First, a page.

Kofi Annan published an op-ed in today’s Financial Times. The Secretary-General begins with a challenge to the members of the United Nations:
Aminor storm broke out last week when Mark Malloch Brown, my deputy, made a speech suggesting that the US should engage more fully and wholeheartedly with other membersof the UN to bring about reform. That is absolutely right, but he and Ibelieve the same message needs to be heard in many other countries besides the US.
This is an important moment. All the candidates are going to support reform on some level or another or suffer a lack of support from multiple P5 members. But how much will they push it? How much will they be able to push the issues amongst the developing countries. As Annan says, they are the primary benefits of UN programs:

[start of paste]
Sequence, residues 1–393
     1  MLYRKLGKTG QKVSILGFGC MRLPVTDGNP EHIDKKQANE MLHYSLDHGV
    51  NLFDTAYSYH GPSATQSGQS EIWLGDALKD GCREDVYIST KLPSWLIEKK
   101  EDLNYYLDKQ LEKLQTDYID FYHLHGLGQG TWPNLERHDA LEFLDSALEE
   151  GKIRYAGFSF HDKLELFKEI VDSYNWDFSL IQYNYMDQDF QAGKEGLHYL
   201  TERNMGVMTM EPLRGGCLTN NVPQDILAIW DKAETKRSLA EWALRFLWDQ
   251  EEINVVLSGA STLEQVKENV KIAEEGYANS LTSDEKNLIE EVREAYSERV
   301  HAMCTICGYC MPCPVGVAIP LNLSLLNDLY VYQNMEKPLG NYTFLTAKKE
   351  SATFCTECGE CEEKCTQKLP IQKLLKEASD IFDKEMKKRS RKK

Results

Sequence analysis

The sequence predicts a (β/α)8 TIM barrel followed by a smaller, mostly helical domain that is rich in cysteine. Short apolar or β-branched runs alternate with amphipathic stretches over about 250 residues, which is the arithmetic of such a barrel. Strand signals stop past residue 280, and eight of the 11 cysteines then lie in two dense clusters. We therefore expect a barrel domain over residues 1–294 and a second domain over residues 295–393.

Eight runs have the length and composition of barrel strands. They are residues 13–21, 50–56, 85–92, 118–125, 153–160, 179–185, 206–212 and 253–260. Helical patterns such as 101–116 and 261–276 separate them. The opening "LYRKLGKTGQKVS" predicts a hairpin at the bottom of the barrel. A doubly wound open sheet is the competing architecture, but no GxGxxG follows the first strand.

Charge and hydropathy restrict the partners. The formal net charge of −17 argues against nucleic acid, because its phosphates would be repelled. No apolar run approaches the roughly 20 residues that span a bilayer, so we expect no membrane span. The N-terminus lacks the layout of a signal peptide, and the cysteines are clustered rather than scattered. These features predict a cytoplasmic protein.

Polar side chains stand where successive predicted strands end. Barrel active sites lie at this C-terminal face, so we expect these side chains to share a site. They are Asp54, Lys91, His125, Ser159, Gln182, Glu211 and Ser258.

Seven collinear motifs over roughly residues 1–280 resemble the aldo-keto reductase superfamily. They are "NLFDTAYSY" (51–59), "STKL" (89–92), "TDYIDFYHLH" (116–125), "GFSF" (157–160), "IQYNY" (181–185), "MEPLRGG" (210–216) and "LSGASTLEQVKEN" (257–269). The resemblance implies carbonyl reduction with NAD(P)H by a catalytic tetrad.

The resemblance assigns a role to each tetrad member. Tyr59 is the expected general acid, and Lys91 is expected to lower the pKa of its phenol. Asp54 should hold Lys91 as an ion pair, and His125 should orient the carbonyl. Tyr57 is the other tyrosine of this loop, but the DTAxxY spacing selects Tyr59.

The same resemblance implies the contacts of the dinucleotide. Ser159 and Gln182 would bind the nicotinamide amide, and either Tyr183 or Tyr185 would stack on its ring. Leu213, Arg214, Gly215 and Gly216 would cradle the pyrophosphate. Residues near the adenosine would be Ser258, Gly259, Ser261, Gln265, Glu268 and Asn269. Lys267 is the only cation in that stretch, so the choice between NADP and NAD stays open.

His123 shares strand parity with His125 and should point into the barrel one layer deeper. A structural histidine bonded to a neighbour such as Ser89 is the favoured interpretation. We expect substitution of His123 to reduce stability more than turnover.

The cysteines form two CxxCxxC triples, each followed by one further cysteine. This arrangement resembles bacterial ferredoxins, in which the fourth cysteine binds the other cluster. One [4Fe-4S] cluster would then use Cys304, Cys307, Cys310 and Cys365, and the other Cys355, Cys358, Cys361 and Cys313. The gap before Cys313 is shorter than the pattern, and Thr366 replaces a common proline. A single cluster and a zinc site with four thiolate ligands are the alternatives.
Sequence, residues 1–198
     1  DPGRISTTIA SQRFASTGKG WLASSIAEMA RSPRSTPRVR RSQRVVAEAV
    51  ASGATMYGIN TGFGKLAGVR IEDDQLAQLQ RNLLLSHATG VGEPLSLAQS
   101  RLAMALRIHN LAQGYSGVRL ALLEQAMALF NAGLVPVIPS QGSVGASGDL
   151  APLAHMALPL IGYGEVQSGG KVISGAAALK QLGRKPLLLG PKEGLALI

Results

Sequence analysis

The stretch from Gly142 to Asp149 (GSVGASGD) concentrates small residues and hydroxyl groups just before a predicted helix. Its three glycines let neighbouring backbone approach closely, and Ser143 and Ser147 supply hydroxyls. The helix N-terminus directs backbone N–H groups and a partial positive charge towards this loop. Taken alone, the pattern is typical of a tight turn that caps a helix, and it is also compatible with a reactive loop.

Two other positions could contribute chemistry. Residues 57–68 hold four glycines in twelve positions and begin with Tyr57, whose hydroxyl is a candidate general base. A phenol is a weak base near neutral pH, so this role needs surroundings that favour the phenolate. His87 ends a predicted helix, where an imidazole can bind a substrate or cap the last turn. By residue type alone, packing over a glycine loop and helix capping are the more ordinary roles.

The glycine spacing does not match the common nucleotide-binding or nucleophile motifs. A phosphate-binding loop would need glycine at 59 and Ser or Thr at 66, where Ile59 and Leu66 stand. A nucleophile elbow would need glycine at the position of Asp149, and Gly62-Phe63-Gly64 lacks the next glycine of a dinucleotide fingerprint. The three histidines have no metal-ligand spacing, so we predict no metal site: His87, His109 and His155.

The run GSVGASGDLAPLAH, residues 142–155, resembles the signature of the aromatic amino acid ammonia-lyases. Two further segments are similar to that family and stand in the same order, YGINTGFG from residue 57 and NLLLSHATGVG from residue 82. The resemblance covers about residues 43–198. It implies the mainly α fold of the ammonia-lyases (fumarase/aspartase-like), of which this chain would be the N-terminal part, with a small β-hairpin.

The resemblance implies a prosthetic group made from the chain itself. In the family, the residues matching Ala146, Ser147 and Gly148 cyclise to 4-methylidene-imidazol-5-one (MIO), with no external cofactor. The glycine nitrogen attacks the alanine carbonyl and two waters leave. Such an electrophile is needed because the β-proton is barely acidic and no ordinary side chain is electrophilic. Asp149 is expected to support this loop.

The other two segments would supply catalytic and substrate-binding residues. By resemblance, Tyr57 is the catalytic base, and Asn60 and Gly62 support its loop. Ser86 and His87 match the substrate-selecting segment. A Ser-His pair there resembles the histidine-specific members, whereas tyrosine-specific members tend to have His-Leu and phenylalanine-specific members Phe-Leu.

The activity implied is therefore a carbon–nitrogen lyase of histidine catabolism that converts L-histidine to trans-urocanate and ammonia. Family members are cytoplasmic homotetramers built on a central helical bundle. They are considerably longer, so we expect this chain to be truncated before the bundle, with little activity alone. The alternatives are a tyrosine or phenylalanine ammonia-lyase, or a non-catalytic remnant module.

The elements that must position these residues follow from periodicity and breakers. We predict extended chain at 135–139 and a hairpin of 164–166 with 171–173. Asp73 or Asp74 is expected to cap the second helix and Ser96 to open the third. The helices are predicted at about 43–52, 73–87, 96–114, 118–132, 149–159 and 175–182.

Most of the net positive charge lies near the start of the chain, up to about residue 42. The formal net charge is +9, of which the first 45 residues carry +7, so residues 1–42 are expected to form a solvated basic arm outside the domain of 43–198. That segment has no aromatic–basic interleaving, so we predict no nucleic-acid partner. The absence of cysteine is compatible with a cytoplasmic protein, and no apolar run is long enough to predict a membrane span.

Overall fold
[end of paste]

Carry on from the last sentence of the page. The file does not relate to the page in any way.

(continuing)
Most of these are well aware of the need to reform – not least because it is in those countries that the UN provides vital services from peacekeeping and peace-building through emergency relief to strengthening human rights, helping organise elections and fighting infectious disease. That means they are the ones who have most to gain from a well-managed UN that really gives value for money.
One of the important questions in this race will be who can say this to the developing world with credibility? Who will they trust to manage and implement reforms to benefit them?